Today's business environment is characterized by numerous challenges, novel developments, and rapid advancements reaching a yet unknown level regarding the need of supply chains to respond and adapt to change (SC). A high level of uncertainty, ongoing globalization, disruptive political decisions, large-scale natural disasters, rapidly emerging innovations in products and services, and severe disturbances such as the devastating pandemic have caused a highly dynamic business environment. Responsiveness and adaptability of and within SCs have become essential constructs in the supply chain management (SCM) domain in overcoming adverse SC consequences and sustaining survivability and competitiveness. The aforementioned factors require companies to change and reconsider and adapt existing structures, strategies, rules, and even cultural aspects to recent economic, technological, geopolitical, social, and environmental challenges. In addition, companies are faced with the necessity to take a holistic approach to deal with these emergencies. Motivated by these observations, a multiple and single case study design explores the responsiveness and adaptability of SCs toward supply chain governance (SCG), strategic agility, and organizational culture, followed by a mixed method approach investigating the interplay of three aspects within the dynamic business environment regarding the generation of competitive advantage. Consequently, this cumulative dissertation includes four studies, providing valuable contributions addressing the responsiveness and adaptability in the era of multi-dimensional dynamics; how governance in form of SCG is affected and evolving in multi-tier SCs (Chapter I); why strategic agility as a dynamic capability can be regarded as a success factor in mastering the challenges (Chapter II); how organizational culture is transformed within the appropriation (Chapter III); and how distinctive capabilities can generate competitive advantage in the interplay of digitization, resilience, and sustainability (Chapter IV). The studies´ multiple perspectives on the behavioral dynamics of SCs within the responses and adaptions contribute to theory building and deliver practical implications involving essential guidance in steering efforts of companies choosing appropriate measures in this demanding era. Each research paper represents a chapter within this dissertation. The chapters are summarized in Table 1 and briefly introduced in the following. The first research paper (Chapter I), “Supply Chain Governance in the context of Industry 4.0: Investigation implications of real-life implementations from a multi-tier perspective”, aims to close the research gap in the SCG literature through its comprehensive approach, considering relational and contractual SCG mechanisms in the examination toward management and structure of SCs via the implementation of technological innovation. While the implementation of Industry 4.0 (I4.0) involves intriguing potential regarding operational efficiency, flexibility, and overall performance. Especially in SCM, it encompasses an adaption in the management and structure of inter-organizational relationships across the entire SC to reach and exploit desired potentials at the same time. Grounded in the dimensions and mechanisms of SCG (relational and contractual), in a multiple case study method, the impact of I4.0 is investigated. A special emphasis of this research paper is on exploring the impact applying the theoretical lens of complementary SCM theories in the analysis of SCG, developing nine propositions for the future. The paper involves an analysis of three cases from the manufacturing industry involving an I4.0 implementation across the multi-tier SC, demonstrating an intensification of synergistic combinations of inter-firm resources emphasizing SCG as essential within the future management and structure of multi-tier SCs. The results of this analysis highlight that in the future state after the implementation, competitive advantage along the multi-tier is considered more important than the competitive advantage on the individual or dyadic level. Evolving relational governance mechanisms allow a competitive advantage as a multi-tier and balance out traditional power mechanisms in the SC hierarchy. Additionally, the observations show that in these circumstances, contractual governance mechanisms are limited in their effectiveness and unveil the necessity for rethinking toward “relational contracting”. Finally, the research results show agility as an emerging extended mechanism in SCG research delivering tangible evidence to reconsider the structure and management of SCs with adapted SCG while considering redesigning multi-tier relationships. The second research paper (Chapter II), “Agility and digitalization: why strategic agility is a success factor for mastering digitalization – evidence from Industry 4.0 implementations across a supply chain”, is based on the emergence of agility as a capability responding adequately to the dynamics of today. Since the constantly changing environment forces the need for successful adaption, the importance of agility as an adaptive capability emerges as inevitable to stay competitive – especially within the turbulence of the pandemic. Founded on two different lines of research concerning dynamic capabilities and governance mechanisms, this study investigates the dynamics and outcomes due to the digitization of SCs. While strategic agility is considered a dynamic capability for coping with change, governance mechanisms are applied in this study to examine socioeconomic relations among the SC members of a multi-tier. Based on a multiple case study of SCs challenged by digitization efforts in times of the pandemic, the study analyzes contingent dynamics within sixteen different multi-tiers. Applying a conceptual approach from design science theory with the CIMO logic (context, intervention, mechanisms, and outcome), the paper explores the interplay between strategic agility as a dynamic capability and its micro-foundations represented by governance mechanisms, identifying key capabilities which evolve within overcoming the challenge of these times. The findings show that mastering relational governance mechanisms managing and structuring relationships is crucial, emphasizing the human component and the socioeconomic dynamics. Key capabilities were identified, offering insights into how to address the recent challenges successfully by building and strengthening strategic agility. This study contributes to delivering insights into the role of strategic agility and highlights governance mechanisms such as trust, collaboration, and flexibility. Aligned with common incentives in generating competitive advantages as a multi-tier SC, its results enable the SCs to mitigate uncertainty and risk while preventing opportunistic behavior and optimizing effectiveness and efficiency by facilitating strategic agility. The third research paper (Chapter III), ”How Digital Transformation impacts organizational culture – a multi-hierarchical perspective on the manufacturing sector”, elaborates on the industry-wide adoption of digital technologies allowing a digital transformation (DT) that is not limited to the bare implementation of technology, but is handled as a strategic priority to maintain competitive advantage. Beyond the technological perspective, DT implies a paradigm shift toward a company´s business model – how it creates value and does business, strategies, and finally also culture – implying a strategic renewal of OC. , Scholars agree that the evolution of organizational culture (OC) is one of the most crucial factors organizations face in this era to master the challenge of exploiting DT's full potential. However, even if the cultural aspect has been found to be of vital importance toward DT in the manufacturing sector, the impact of DT on OC has not been covered by research yet. Due to the vitality of OC within a successful DT, this particular study investigates OC with regard to digitization and how companies can facilitate its development in this context in the industry. Consequently, this paper contributes by identifying the main challenges toward a digital OC, examining established OC dimensions and the appropriation of these dimensions in a contained DT program of a German manufacturing company temporally: five years ago, now, and in five years. The theoretical foundation of this research lies in the adaptive structuration theory (AST), based on an input-process-output model. By specifically referring to the manufacturing industry, this study evaluates the vital OC dimensions impacted by DT. In this context, evidence was collected from 26 experts from an established and contained DT program in a single case methodology in the temporal dimensions of five years (five years ago, now, and in five years). Furthermore, through the lens of AST, findings are analyzed from a multi-layered perspective, deriving insights into how companies can manage digital change across different hierarchical organizational levels. The empirical findings highlight important scientific insights and managerial implications. First, by applying the theoretically based AST framework, the research significantly contributes to highlighting the appropriation mechanisms from before five years, now, and in five years, shedding light on a road map of how to adapt toward a digital OC in a temporal dimension. Second, by presenting relevant OC dimensions, we strategically support manufacturing organizations adapting OC toward collectivism, femininity, indulgence, and a long-term orientation, reducing power distance and uncertainty avoidance. Third, confirming that the cultural perspective with OC is viable for DT, this paper provides insights into a multi-layered perspective on the impact of DT on OC, extending the adaptions from the standpoint of multiple hierarchical levels. The fourth research paper (Chapter IV), “The interplay between digitalization, resilience, and sustainability in enabling competitive advantage”, takes a forward-looking approach, elaborating on the numerous emerging challenges which SCs face today, such as issues regarding revolutionary changes caused by digital innovations, disruptions in the flow of goods, and climate change. However, at the same time, these circumstances bear the opportunity to create new competitive advantages in SCs emphasizing the interplay between the concepts of digitization, resilience, and sustainability as distinctive capabilities which need to be adapted to sustain viability. Grounded in a multi-methodological approach encompassing 22 expert interviews as well as subsequent expert workshops with an additional nine experts, empirical data was collected from the manufacturing industry to explore the topic highlighting important scientific insights and managerial implications. By applying a theoretical framework rooted in the resource-based view (RBV), this study identifies which capabilities are crucial to enable competitive advantages in digital, resilient, and sustainable SCs. Special emphasis is put on how digitization, resilience, and sustainability interact to allow competitive advantages rather than only focusing on one perspective. As a consequence, this study contributes to achieving future advantages by elaborating on the value of a collaborative and inter-organizational approach. An overview of the four underlying research papers of this dissertation, including the applied research methodology, the investigated research questions, and the current status in the process of journal review, is provided in Table 1.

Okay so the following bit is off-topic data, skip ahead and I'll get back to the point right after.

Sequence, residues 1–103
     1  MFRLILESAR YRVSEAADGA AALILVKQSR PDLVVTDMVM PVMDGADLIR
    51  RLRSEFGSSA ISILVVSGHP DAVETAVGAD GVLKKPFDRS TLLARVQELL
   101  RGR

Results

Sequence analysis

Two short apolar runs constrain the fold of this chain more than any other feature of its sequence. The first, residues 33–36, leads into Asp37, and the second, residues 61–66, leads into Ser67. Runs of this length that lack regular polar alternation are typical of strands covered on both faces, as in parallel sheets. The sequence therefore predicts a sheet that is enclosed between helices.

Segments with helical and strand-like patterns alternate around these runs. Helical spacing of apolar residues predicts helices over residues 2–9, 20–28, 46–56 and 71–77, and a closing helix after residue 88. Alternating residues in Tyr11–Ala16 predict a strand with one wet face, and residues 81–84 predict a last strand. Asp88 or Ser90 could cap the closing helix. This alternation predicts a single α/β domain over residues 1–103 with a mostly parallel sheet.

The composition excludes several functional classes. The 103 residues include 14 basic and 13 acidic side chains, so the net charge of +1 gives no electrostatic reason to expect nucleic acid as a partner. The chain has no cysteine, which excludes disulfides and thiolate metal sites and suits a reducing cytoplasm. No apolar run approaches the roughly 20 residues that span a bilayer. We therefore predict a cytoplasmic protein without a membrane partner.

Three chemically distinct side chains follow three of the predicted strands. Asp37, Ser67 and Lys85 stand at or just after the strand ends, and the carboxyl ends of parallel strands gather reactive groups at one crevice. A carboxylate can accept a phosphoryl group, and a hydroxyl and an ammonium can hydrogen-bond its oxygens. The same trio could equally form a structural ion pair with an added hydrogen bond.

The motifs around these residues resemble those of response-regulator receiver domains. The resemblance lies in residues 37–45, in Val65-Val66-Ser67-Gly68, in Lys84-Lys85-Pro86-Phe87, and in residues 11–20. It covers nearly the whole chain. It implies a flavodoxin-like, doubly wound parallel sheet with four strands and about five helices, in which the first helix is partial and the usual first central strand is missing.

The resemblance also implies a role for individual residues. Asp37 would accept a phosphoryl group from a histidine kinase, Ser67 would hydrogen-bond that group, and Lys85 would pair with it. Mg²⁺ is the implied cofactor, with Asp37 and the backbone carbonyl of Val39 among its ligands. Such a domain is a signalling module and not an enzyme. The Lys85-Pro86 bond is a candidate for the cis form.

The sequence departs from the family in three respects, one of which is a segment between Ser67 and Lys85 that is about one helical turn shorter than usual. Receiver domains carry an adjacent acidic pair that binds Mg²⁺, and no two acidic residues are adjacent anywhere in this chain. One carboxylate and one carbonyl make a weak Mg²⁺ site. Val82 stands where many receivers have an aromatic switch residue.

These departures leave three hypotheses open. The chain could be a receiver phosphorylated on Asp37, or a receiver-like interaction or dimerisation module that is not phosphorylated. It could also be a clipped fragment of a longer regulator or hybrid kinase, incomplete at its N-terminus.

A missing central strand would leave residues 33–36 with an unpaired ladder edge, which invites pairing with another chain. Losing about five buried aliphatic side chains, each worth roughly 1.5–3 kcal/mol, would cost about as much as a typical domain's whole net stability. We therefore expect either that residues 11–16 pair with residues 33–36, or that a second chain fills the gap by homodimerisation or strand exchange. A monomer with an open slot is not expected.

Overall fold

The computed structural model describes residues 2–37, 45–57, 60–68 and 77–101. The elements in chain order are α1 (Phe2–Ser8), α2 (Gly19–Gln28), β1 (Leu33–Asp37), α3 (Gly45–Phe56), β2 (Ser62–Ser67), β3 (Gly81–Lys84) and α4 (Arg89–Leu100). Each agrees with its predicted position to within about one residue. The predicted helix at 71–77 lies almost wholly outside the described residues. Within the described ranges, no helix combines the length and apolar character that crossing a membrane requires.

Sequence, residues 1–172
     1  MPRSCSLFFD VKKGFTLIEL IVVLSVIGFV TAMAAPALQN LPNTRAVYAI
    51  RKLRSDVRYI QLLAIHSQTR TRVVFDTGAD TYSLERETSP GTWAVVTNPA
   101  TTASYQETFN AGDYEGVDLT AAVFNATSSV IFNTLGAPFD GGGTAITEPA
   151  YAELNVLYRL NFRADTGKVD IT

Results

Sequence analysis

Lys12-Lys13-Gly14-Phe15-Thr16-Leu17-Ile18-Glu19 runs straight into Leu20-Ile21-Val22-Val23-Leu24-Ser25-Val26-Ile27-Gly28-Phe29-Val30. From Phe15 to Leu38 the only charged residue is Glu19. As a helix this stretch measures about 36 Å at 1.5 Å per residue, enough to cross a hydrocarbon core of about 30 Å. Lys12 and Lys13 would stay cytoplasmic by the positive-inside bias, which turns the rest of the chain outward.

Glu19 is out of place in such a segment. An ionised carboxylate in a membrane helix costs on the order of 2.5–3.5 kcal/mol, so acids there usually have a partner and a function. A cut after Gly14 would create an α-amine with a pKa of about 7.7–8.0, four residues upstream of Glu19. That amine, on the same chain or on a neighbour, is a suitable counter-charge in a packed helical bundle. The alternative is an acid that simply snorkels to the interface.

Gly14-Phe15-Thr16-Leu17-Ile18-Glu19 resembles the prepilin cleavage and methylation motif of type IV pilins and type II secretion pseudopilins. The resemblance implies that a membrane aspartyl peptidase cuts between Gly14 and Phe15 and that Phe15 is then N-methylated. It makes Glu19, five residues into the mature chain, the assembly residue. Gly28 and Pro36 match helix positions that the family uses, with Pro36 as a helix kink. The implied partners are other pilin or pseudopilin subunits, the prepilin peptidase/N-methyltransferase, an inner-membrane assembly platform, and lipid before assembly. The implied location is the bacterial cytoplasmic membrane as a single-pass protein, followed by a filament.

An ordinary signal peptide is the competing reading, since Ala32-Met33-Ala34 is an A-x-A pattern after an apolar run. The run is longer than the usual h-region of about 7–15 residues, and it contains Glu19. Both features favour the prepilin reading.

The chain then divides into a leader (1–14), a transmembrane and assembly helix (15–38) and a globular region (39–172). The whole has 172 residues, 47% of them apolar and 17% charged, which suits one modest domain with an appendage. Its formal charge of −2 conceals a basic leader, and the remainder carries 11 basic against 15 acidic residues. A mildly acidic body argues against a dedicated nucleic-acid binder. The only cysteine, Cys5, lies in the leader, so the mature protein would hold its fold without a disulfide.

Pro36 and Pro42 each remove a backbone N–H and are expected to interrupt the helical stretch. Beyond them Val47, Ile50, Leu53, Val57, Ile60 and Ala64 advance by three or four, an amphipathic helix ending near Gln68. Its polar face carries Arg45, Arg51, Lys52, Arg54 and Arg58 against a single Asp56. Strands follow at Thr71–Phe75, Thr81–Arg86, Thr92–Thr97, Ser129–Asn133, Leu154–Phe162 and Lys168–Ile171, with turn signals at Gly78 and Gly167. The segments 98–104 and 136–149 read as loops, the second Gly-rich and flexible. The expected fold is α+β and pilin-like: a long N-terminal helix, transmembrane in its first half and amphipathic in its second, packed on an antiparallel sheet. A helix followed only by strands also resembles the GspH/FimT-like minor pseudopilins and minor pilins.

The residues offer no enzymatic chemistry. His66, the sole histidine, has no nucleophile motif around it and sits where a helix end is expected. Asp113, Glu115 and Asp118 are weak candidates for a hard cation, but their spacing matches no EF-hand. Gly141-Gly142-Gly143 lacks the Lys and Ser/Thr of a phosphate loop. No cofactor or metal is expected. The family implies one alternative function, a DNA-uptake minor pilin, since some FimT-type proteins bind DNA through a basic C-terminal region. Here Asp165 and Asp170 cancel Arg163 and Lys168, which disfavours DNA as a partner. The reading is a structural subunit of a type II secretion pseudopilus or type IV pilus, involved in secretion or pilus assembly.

• Doctoral thesis